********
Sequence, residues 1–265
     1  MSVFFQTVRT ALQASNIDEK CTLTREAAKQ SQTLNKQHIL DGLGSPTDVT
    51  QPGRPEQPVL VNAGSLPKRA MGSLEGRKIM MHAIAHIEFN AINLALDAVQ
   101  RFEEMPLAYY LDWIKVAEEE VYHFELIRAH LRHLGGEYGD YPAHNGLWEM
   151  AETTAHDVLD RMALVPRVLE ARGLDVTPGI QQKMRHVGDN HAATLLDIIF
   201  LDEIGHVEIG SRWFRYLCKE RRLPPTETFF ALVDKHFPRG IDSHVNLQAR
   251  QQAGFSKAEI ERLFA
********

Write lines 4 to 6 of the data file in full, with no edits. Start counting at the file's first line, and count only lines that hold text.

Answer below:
   101  RFEEMPLAYY LDWIKVAEEE VYHFELIRAH LRHLGGEYGD YPAHNGLWEM
   151  AETTAHDVLD RMALVPRVLE ARGLDVTPGI QQKMRHVGDN HAATLLDIIF
   201  LDEIGHVEIG SRWFRYLCKE RRLPPTETFF ALVDKHFPRG IDSHVNLQAR